Aggravated Assault under Texas Penal Code §22.02(a),(b)

In Texas, aggravated assault is a serious crime that carries significant penalties for those convicted. Unlike simple assault, which might involve threats or minor injuries, aggravated assault is far more severe. It’s a distinction that elevates the gravity of the offense and, consequently, the urgency for those accused to understand their legal standing and options.

Aggravated Assault Defined Under Texas Law

The Texas Penal Code Ann. §22.02 defines aggravated assault with a deadly weapon as a criminal offense involving a person who commits an assault as defined in this section when that person also “causes bodily injury to another, including the person’s spouse” or “uses or exhibits a deadly weapon during the commission of the assault.” 

  • Serious Bodily Injury: This term goes beyond minor or superficial wounds. It refers to injuries that pose a risk of death, cause permanent disfigurement, or result in long-term loss or impairment of the function of any bodily member or organ.
  • Use or Exhibition of a Deadly Weapon: A deadly weapon is not limited to firearms. It encompasses any object that in the manner of its use or intended use is capable of causing death or serious bodily injury – this can include knives, clubs, or even a person’s hands.

A person can be charged with Aggravated Assault with a Deadly Weapon even if there are no injuries caused by the use of a deadly weapon. However, it must be alleged that the person intentionally or knowlingly threatened imminent bodidly injury and also used or exhibited a deadly weapon while committing the assault for this to be the case.

While aggravated assaults in Texas are generally classified as a second-degree felony, there are several ways the charge can be enhanced to a first-degree felony.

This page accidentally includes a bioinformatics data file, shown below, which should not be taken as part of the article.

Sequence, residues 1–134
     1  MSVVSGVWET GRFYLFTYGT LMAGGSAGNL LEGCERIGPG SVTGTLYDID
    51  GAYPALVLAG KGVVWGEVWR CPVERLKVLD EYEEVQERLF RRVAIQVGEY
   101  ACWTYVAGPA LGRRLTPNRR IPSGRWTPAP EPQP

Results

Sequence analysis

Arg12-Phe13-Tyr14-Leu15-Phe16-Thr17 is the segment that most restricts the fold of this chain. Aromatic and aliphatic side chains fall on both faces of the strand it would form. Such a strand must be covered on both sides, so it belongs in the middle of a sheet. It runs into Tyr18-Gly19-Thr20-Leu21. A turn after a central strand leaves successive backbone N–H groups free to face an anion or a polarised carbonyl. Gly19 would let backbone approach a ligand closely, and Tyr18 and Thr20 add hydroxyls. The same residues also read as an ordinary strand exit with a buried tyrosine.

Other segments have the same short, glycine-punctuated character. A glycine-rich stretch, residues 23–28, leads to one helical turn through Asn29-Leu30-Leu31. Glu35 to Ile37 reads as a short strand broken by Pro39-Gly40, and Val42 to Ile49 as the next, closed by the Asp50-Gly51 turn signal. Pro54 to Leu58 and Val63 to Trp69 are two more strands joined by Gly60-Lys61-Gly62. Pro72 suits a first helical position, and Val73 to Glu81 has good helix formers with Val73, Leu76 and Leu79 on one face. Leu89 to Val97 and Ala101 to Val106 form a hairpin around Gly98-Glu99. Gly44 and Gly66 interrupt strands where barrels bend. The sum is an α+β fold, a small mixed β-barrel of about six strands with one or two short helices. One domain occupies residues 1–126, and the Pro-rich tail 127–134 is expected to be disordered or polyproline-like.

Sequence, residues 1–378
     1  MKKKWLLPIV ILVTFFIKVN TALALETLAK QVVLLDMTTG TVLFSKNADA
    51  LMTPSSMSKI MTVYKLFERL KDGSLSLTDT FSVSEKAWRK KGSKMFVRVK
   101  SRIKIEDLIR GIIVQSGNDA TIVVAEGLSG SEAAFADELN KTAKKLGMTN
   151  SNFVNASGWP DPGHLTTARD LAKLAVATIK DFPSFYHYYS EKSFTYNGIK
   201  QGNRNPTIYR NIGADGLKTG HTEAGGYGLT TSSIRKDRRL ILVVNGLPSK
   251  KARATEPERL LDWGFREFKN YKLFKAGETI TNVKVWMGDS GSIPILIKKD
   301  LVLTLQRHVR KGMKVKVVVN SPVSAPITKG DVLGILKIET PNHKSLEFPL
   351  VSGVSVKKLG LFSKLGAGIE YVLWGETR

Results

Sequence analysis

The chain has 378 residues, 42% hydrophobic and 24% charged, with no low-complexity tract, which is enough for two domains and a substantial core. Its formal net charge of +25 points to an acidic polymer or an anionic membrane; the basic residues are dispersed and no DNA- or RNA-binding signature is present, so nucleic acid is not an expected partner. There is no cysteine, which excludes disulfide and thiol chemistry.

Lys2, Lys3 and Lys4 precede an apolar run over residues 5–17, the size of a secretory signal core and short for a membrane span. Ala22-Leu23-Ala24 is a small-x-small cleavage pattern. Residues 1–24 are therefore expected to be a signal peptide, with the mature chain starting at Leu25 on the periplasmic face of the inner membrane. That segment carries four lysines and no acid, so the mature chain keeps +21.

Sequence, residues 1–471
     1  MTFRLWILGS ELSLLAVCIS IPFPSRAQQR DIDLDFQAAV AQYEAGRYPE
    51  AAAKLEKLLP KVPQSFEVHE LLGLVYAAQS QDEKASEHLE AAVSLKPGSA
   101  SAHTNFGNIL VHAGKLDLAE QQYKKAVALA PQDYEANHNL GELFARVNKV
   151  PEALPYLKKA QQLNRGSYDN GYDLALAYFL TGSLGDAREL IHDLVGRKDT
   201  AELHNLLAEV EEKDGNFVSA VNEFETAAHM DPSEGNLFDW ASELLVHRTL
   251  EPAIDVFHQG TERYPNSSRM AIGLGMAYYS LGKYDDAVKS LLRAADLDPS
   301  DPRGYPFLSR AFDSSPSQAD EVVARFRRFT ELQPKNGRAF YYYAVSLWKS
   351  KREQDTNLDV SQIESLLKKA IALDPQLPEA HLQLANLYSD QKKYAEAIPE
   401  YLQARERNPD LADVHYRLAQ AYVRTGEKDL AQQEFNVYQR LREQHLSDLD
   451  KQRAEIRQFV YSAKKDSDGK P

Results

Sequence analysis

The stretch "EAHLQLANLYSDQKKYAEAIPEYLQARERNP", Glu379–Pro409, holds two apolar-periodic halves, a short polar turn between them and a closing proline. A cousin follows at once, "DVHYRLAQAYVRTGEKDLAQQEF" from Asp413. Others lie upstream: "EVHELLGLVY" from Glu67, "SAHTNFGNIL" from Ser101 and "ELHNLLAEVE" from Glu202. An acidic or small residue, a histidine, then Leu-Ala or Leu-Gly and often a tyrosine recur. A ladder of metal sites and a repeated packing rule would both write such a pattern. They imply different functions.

The degree is based on several critical factors such as:

  • Victim’s Identity: The relationship or status of the victim plays a significant role. For instance, assaults committed by or against certain protected classes, such as public servants or family members, are treated with greater severity.
  • Use of a Deadly Weapon: The use of a deadly weapon during the commission of the assault automatically escalates the seriousness of the charge by making it a first-degree offense.

What are the Potential Penalties?

The penalties for Aggravated Assault can be severe, encompassing a wide range depending on the specifics of the offense:

  • Second-Degree Felony: Generally, aggravated assaults fall under this category and are punishable by 2 to 20 years in prison and potential fines up to $10,000.
  • First-Degree Felony: In cases where the assault involves certain “aggravating” factors, the charge can be elevated to a first-degree felony and may result in 5 to 99 years, or even life, in prison, alongside hefty fines.

Charged with Aggravated Assault with a Deadly Weapon in Texas?

Our skilled team of attorneys is prepared to tackle the challenges of aggravated assault cases head-on. With meticulous attention to detail, we examine every piece of evidence, every witness statement, and every legal precedent that can influence the outcome of a case. We have defended hundreds of assault charges in Collin, Denton, and Dallas Counties and are ready to build a robust and persuasive defense that challenges the prosecution’s claims and seeks the most favorable outcome for our clients.

If you or someone you know is facing charges of aggravated assault in Texas, time is of the essence. Contact Barbieri Law Firm, P.C., at 972-424-1902 or online to schedule a free consultation. Our experienced Texas criminal defense team is ready to stand by your side, offering the dedicated support and aggressive representation you need. Remember, facing charges does not have to mean facing the future alone. We’re here to help guide you through this challenging time and fight for the best possible outcome.